Noise - IV

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					                                        IV. ENVIRONMENTAL SETTING, IMPACTS, AND MITIGATION MEASURES




D. NOISE

SETTING

AMBIENT NOISE SOURCES AND LEVELS
Noise is normally defined as unwanted sound. Environmental noise usually is measured in A-
weighted decibels (dBA).1 Environmental noise typically fluctuates over time, and different
types of noise descriptors are used to account for this variability. Typical noise descriptors
include the energy-equivalent noise level (Leq) and the day-night average noise level (Ldn).2 The
Ldn is commonly used in establishing noise exposure guidelines for specific land uses.

The Noise Element of the Oakland Comprehensive Plan identifies that the noise environment at
the project site as an "Existing Critical Noise Impact Area", largely due to highway noise of the
I-880 freeway. The noise environment of the project site is largely determined by vehicle traffic
on I-880, including 5th Street, which operates as a southbound off ramp for I-880. Rail operations
of the Union Pacific Railroad and aircraft activity associated with Metropolitan Oakland
International Airport are secondary noise sources at the project site.

To provide the basis for evaluating potential impacts of the existing noise environment on future
occupants of the proposed project as well as impacts of project construction on the nearest noise-
sensitive uses, ESA collected noise measurements on the project site. Daytime noise levels were
monitored on September 4, 2001 on the northeast corner of the project site.3 Resulting data was
then used to calculate the 24-hour noise level in terms of Ldn. Daytime noise levels were
monitored to average 72 dBA, Leq. The Ldn at the project site would be between 72 dBA and
75 dBA.

SENSITIVE RECEPTORS
The proposed project would be located in an area generally consisting of industrial, commercial,
and live/work land uses. The nearest sensitive land use to the project site would be the 4th Street
Lofts located across 4th street, approximately 50 feet south of the project. The proposed project
would serve as a residence for its occupants and is, therefore, also considered a sensitive land
use. However, because the surrounding sensitive land uses are designated as live-work, these
uses are considered commercial during daytime hours.

1   A decibel (dB) is a unit of sound energy intensity. Sound waves, traveling outward from a source, exert a sound
    pressure level (commonly called "sound level") measured in dB. An A-weighted decibel (dBA) is a decibel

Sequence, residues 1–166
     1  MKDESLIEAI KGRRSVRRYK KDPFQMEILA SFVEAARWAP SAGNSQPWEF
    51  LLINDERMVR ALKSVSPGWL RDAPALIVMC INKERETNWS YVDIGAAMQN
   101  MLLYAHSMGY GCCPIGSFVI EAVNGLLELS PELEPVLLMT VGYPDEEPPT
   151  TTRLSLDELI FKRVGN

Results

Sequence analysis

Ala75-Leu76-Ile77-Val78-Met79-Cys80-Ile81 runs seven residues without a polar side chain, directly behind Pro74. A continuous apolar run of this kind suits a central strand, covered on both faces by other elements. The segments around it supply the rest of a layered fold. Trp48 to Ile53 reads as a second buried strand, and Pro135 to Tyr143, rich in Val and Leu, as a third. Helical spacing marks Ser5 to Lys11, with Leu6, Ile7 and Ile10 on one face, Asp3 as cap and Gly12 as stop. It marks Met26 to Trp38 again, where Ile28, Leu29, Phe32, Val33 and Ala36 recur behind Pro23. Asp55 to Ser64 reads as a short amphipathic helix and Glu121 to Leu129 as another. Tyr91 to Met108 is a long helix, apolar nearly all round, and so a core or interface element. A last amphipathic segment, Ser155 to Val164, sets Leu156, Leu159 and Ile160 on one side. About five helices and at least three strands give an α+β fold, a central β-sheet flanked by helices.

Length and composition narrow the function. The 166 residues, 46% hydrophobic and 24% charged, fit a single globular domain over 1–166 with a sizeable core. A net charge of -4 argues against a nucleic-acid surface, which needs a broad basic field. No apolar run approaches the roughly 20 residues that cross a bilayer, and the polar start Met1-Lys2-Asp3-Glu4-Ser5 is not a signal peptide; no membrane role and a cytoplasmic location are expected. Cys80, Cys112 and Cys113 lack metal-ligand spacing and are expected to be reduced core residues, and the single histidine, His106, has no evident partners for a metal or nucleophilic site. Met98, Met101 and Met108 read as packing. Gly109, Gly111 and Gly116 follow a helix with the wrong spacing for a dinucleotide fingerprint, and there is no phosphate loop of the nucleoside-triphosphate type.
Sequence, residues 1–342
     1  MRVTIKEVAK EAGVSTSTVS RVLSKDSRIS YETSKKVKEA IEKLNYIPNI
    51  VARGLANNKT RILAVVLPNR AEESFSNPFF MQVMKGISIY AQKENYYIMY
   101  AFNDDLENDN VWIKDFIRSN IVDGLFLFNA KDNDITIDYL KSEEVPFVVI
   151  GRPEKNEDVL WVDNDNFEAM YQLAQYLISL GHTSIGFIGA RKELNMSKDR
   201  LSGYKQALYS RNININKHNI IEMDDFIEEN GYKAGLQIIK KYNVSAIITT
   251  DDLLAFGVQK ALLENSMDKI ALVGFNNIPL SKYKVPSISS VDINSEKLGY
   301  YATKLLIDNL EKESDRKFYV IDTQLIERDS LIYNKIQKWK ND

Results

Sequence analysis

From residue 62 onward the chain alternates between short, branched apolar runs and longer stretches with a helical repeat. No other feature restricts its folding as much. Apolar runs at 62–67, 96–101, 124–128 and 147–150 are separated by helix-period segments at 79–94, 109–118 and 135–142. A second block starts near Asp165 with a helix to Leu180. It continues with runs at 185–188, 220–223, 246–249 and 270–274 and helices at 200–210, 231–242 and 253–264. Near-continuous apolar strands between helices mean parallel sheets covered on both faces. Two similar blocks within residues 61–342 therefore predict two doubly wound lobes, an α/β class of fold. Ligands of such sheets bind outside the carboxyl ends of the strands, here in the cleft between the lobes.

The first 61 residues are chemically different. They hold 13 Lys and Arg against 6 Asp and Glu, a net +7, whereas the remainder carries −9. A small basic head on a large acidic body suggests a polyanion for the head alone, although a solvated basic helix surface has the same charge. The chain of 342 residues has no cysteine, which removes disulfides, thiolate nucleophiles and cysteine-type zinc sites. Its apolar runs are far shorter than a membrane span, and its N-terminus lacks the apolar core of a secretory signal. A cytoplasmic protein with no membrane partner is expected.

corrected for the variation in frequency response of the typical human ear at commonly encountered noise levels.
    All noise levels reported herein are "A-weighted" decibels.
2   Leq, the energy equivalent noise level (or "average" noise level), is the equivalent steady-state continuous noise
    level which, in a stated period of time, contains the same acoustic energy as the time-varying sound level actually
    measured during the same period. Ldn, the day-night average noise level, is a weighted 24-hour average noise
    level. With the Ldn descriptor, noise levels between 10:00 p.m. and 7:00 a.m. are adjusted upwards by ten dBA to
    take into account the greater annoyance of nighttime noise as compared to daytime noise.
3   Monitoring was performed using a Larson Davis 720 sound level meter that was programmed to collect data in 5-
    minute intervals.




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                                         IV. ENVIRONMENTAL SETTING, IMPACTS, AND MITIGATION MEASURES
                                                                                             D. NOISE



REGULATORY SETTING
Local noise issues are regulated by implementation of Title 24 (for new residential
developments), implementation of General Plan policies, and by enforcement of Noise Ordinance
standards.

State of California
Title 24 , Part 2 of the California Code of Regulations contains requirements for the construction
of new hotels, motels, apartment houses, and dwellings other than detached single-family
dwellings intended to limit the extent of noise transmitted into habitable spaces. These
requirements are collectively known as the California Noise Insulation Standards. For limiting
noise transmitted from exterior sources, the Standards set forth an interior standard of 45 CNEL
in any habitable room with all doors and windows closed, and require an acoustical analysis
demonstrating how dwelling units have been designed to meet this interior standard (where such
units are proposed in areas subject to transportation noise levels greater than 60 CNEL). Title 24
standards are enforced through the building permit application process in Oakland, as in most
jurisdictions.

City of Oakland
The Oakland Comprehensive Plan contains guidelines for determining the compatibility of
various land uses with different noise environments (City of Oakland, 1974). The Noise Element
recognizes that some land uses are more sensitive to ambient noise levels than others, due to the
amount of noise exposure (in terms of both exposure duration and insulation from noise) and the
types of activities typically involved. The City uses state noise guidelines for judging the
compatibility between various land uses and their noise environments (City of Oakland, 1997).
The City of Oakland also regulates short-term noise through enforcement of city ordinances,
which includes a general provision against nuisance noise sources (Planning Code,